The Dubai-based Mashreqbank agreed to pay the New York Department of Financial Services, the Federal Reserve and the Bureau of Foreign Assets $ 100 million for violating the now repealed Sudan Sanctions Regulations. The Sudan Sanctions Regulations were repealed on June 29, 2018.
OFAC issued only a finding of violation, rather than imposing a civil sanction, in light of Mashreqbank’s willingness to accept a retroactive waiver of limitation period agreement and Mashreqbank’s agreement to pay a fine of $ 100 million to the NY DFS and the Federal Reserve.
The NY DFS fined Mashreqbank $ 100 million. The Federal Reserve imposed a cease-and-desist order because Mashreqbank did not have enough policies and procedures to comply with U.S. sanctions laws.
Between 2005 and 2009, the London branch of Mashreqbank processed 1,760 U.S. dollar payments for Sudanese banks and intentionally disguised information from U.S. banks that allegedly identified the payments as illegal. Mashreqbank did so by asking its employees to avoid “filling in certain fields in payment messages” in order to disguise connections with Sudanese banks. Specifically, Mashreqbank employees did not complete field 52 (originating institution) and omitted the true originating bank in field 58 (beneficiary bank) of SWIFT MT202.
As a result, the US correspondent banks processed the transactions because the payment messages did not reveal that the original banks involved in the transactions were based in Sudan. The correspondent banks based in the United States acted under the mistaken belief that the transactions did not originate in Sudan. Mashreqbank processed over $ 4 billion in illegal payments over the four-year period using this technique to disguise the illegal payments.
The NY DFS entered into a consent order with the Mashreqbank and cited the fact that an additional $ 2.5 million in illegal transactions were processed between 2010 and 2014, but that these transactions were âless obviouslyâ payments linked to Sudan. .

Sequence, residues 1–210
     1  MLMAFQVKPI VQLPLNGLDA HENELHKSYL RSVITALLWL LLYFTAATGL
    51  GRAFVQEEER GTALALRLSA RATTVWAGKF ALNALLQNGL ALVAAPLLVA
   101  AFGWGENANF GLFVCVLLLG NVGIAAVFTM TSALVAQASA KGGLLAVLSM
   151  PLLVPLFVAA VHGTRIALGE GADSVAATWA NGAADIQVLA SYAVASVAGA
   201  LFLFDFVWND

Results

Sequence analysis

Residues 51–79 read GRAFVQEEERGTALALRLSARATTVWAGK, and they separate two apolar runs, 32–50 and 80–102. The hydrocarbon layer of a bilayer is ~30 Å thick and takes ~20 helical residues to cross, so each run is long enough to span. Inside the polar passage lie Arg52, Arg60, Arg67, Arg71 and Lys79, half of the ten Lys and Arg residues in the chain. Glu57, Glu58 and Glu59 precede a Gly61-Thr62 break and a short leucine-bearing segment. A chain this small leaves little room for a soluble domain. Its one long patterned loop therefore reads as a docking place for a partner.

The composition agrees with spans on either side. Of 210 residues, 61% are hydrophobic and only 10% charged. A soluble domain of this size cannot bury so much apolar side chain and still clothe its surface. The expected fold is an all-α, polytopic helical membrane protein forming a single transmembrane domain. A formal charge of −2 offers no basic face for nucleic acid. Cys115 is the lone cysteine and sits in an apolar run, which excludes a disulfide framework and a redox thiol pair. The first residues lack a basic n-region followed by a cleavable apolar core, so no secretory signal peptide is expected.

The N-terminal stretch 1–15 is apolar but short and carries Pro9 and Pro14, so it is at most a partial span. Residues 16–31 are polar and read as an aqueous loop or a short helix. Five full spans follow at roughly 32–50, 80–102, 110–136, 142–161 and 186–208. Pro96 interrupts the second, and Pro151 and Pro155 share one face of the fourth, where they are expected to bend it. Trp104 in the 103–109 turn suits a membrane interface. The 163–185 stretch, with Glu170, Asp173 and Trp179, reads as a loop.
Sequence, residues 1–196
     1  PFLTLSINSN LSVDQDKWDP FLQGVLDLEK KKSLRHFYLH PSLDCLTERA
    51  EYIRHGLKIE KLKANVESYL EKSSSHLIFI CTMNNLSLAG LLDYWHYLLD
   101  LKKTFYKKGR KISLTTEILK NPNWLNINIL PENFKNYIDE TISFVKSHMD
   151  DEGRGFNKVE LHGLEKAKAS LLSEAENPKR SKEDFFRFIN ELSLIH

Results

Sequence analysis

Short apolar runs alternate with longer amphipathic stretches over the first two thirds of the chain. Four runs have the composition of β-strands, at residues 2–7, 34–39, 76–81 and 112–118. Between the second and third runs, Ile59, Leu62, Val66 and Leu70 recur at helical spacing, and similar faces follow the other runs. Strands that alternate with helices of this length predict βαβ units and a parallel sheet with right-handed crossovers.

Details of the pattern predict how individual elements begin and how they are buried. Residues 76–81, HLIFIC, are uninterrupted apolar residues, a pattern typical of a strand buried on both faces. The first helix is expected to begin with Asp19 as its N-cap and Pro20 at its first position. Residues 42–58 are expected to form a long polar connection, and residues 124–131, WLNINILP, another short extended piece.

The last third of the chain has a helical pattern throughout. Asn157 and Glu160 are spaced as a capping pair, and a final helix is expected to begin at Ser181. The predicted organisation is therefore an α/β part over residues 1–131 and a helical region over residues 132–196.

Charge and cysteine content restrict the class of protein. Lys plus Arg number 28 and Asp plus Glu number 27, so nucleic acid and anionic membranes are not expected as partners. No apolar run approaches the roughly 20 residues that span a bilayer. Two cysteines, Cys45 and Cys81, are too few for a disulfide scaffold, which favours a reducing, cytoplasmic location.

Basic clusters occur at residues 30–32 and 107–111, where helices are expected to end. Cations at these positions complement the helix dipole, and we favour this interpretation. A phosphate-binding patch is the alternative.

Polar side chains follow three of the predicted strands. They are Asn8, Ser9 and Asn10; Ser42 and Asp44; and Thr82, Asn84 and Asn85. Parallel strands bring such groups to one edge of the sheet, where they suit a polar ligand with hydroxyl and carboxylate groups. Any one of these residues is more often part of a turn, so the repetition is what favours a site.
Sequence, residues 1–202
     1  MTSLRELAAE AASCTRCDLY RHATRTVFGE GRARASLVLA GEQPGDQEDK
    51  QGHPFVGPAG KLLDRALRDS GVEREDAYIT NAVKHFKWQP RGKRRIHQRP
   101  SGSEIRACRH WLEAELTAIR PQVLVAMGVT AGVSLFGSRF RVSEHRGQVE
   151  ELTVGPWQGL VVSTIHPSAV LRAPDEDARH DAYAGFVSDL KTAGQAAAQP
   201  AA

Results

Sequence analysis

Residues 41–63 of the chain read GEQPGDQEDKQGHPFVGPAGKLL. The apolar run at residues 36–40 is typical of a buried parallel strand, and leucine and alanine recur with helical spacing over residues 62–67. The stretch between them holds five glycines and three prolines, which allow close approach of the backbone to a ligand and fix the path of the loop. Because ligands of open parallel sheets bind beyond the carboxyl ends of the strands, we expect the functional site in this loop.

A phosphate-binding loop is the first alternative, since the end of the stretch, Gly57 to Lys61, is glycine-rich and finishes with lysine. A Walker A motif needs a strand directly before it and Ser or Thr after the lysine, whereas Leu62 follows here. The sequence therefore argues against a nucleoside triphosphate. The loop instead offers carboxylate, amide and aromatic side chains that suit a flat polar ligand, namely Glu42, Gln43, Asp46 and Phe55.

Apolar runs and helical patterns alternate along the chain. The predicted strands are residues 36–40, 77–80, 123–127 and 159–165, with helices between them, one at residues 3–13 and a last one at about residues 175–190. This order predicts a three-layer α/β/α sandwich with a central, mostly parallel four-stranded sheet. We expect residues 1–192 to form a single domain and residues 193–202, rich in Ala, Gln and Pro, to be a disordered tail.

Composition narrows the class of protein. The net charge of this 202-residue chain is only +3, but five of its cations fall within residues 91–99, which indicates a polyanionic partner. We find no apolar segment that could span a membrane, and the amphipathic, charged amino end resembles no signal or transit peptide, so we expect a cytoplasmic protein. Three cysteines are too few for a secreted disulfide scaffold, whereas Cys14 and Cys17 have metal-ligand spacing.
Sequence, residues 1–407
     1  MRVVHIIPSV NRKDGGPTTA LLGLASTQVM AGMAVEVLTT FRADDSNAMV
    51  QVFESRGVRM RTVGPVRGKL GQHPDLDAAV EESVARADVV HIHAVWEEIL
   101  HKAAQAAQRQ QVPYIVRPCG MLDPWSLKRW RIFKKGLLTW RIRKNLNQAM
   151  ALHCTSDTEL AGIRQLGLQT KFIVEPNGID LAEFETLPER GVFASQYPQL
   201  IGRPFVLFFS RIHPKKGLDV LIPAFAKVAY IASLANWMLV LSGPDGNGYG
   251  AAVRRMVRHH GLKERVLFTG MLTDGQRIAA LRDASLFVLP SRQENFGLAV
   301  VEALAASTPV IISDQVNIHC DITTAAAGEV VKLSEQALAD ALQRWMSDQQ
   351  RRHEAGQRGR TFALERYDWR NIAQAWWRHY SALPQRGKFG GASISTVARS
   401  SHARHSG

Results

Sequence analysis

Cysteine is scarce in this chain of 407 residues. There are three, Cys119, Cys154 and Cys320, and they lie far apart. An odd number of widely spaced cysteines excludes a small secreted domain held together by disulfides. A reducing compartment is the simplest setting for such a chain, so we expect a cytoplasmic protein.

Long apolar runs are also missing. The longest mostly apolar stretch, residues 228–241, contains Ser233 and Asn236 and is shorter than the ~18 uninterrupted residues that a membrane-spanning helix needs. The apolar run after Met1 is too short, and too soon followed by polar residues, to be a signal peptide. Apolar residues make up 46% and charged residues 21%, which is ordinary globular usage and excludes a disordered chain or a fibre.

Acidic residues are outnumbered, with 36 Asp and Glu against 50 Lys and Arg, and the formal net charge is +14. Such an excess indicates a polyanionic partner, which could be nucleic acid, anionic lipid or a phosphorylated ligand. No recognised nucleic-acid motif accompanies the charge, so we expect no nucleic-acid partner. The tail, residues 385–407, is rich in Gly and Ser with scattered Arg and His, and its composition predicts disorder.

Mashreqbank is the oldest private bank in the United Arab Emirates and has a branch in New York. In 2018, the NY DFS entered into a consent order with the bank that fined it $ 40 million for anti-money laundering offenses.
OFAC concluded that Mashreqbak acted in defiance of OFAC’s sanctions program in Sudan because he failed to identify the involvement of US banks in the transactions. OFAC noted that several senior bank officials were aware of the ongoing violations.
In deciding not to impose a civil sanction, OFAC cited several important mitigating factors, including Mashreqbank’s agreement to meet the statute of limitations and extend the agreement on several occasions and its full cooperation throughout the period. ‘investigation. OFAC also cited the fact that Mashreqbak ceased operations before OFAC opened the investigation in 2015.
To address past violations, Mashreqbank has increased its compliance staff by more than 400% since 2007, closed all Sudanese banks’ US dollar accounts in 2009, and implemented new procedures to ensure that all payment messages are completed with precise banking and customer information. The bank also implemented an automated screening program for reviewing customer names, performed an OFAC risk assessment, and implemented improved vendor screening tools. Mashreqbank estimated it has spent more than $ 122 million to improve its compliance program over the past four years, including additional staff, new software and improved training programs. Mashreqbank has indicated that it intends to spend an additional $ 40 million on improvements and compliance enhancements.